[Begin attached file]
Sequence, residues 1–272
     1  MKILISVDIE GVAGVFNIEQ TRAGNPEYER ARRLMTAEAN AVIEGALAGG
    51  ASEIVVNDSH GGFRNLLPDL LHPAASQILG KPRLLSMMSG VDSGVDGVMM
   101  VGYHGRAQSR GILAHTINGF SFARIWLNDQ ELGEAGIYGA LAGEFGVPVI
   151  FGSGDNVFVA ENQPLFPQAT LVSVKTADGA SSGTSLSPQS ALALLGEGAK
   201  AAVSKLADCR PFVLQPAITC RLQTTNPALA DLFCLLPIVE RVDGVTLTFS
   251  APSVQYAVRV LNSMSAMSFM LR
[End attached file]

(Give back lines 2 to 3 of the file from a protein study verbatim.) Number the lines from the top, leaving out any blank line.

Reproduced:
     1  MKILISVDIE GVAGVFNIEQ TRAGNPEYER ARRLMTAEAN AVIEGALAGG
    51  ASEIVVNDSH GGFRNLLPDL LHPAASQILG KPRLLSMMSG VDSGVDGVMM